The 150-word Review: Denis Johnson’s “Tree of Smoke” manages to evoke almost every literary and cultural trope related to the Vietnam War and still remain unique. It is a confounding novel that pokes you with occasional sections of purplish prose, only to follow them with flashes of clarity and power.
In many ways, “Tree of Smoke” is a reflection of the present, where reality has grown increasingly fragmented and vague. It shifts between several of points-of-view, through characters who, for the most part, seem to tread along the peripheries of the war. Johnson’s characters rarely experience suffering first hand but serve as witnesses to the tragedy and perversion occurring around them. They never confront their pain directly; instead we can palpably sense their pain through their denial, resignation, and self-destructiveness. And they neither seek nor offer any truths about their experiences. Perhaps the elusive Tree of Smoke is the illusion of “truth” itself.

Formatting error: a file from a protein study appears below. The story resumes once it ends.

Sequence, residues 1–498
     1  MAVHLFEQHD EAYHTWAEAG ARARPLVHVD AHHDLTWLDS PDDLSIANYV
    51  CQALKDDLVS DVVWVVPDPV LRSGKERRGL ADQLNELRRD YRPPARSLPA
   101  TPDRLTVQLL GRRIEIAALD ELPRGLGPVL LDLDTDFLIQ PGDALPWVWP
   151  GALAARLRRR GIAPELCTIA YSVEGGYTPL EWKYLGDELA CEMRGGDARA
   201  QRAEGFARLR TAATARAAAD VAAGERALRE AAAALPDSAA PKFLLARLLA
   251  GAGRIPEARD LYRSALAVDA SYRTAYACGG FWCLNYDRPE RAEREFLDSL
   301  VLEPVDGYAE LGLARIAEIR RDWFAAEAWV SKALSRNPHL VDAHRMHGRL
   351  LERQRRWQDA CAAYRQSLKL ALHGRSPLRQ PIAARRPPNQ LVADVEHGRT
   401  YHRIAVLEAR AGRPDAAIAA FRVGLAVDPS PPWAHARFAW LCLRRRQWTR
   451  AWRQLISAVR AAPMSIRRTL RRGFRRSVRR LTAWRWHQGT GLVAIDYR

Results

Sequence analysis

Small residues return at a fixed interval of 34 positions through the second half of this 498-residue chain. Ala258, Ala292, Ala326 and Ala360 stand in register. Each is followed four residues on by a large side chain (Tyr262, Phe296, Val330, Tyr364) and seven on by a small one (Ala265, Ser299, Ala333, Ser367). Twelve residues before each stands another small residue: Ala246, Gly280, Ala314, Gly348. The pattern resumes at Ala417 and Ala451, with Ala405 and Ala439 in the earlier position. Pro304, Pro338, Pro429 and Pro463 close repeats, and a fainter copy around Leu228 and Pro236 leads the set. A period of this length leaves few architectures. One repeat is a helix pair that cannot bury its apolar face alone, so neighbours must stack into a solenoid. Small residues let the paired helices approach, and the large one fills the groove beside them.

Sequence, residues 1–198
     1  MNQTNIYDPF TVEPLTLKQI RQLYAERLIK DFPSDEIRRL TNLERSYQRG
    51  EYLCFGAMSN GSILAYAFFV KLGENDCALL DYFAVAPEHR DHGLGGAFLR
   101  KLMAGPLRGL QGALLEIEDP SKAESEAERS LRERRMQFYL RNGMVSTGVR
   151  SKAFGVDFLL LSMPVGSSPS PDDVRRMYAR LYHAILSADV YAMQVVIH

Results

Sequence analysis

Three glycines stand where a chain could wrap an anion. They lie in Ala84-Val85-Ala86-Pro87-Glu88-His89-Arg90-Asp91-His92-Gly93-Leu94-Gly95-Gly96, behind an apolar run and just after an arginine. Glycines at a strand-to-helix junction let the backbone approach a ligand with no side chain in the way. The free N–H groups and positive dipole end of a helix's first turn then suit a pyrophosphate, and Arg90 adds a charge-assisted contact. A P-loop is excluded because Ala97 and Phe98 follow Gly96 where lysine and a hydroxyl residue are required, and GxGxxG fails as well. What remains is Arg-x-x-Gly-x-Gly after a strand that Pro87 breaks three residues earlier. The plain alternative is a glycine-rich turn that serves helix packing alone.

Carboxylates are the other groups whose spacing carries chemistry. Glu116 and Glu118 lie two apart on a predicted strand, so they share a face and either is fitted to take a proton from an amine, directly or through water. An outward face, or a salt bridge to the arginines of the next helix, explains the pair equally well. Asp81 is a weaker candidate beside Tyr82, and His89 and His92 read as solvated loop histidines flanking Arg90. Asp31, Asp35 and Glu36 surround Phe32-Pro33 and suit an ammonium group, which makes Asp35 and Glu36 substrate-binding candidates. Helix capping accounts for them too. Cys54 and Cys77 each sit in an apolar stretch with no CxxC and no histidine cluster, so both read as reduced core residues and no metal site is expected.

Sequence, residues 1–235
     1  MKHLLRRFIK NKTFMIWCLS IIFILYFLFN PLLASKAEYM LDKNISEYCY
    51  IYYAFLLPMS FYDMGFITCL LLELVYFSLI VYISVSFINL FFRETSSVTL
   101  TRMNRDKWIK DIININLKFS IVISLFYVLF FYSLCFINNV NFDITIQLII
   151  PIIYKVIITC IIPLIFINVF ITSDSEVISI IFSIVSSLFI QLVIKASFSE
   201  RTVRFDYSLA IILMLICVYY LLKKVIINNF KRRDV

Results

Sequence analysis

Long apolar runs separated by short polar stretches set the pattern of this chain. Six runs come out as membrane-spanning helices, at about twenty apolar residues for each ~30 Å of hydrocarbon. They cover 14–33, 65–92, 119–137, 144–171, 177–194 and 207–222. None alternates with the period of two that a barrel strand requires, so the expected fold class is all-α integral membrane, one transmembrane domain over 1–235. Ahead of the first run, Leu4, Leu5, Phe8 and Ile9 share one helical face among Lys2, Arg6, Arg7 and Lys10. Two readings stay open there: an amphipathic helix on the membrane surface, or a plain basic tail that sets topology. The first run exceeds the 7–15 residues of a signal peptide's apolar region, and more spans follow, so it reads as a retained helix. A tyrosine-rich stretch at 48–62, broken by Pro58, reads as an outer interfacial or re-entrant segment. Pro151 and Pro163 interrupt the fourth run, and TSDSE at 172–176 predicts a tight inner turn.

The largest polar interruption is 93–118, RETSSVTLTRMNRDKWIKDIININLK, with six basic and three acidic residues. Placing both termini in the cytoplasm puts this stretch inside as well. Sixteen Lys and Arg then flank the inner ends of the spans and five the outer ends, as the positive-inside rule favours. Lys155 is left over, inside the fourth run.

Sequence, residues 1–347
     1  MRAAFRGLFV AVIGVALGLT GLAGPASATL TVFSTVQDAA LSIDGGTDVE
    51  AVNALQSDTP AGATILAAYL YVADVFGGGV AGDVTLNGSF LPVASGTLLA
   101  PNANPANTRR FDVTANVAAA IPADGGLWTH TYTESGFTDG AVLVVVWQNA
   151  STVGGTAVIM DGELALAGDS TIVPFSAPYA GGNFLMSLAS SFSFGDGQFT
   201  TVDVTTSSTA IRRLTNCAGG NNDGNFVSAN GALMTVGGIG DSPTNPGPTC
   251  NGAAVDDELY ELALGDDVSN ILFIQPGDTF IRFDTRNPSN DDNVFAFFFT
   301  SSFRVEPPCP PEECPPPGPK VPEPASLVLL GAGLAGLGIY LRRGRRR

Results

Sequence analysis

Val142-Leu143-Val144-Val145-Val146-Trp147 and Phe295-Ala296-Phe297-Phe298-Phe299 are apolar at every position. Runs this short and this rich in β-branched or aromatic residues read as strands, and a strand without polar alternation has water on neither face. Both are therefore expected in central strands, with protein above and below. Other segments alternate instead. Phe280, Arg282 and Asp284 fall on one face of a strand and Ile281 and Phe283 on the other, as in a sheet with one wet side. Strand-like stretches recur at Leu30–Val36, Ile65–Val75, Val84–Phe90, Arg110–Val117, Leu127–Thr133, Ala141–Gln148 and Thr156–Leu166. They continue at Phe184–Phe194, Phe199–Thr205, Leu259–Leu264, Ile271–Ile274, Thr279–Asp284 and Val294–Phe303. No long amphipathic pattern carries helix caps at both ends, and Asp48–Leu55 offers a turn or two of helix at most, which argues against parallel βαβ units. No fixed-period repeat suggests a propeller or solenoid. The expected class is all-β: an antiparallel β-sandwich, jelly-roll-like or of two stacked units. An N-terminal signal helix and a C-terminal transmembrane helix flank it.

Having this book on your shelf will impress: Michael Cimino, Francis Ford Coppola, Oliver Stone, MIchael Herr (and maybe Stanley Kubrick), the National Book Foundation, Psy Ops specialists, fans of “Jesus’ Son,” Michiko Kakutani, and B.R. Myers of the Atlantic Monthly.
Set the mood with: Nineteen by Paul Hardcastle
Clavinism (stuff that will not make you look cool in a bar): Actually Norm, Denis Johnson was not present to accept the National Book Award for “Tree of Smoke,” due to the fact that he was on assignment in Iraq at the time.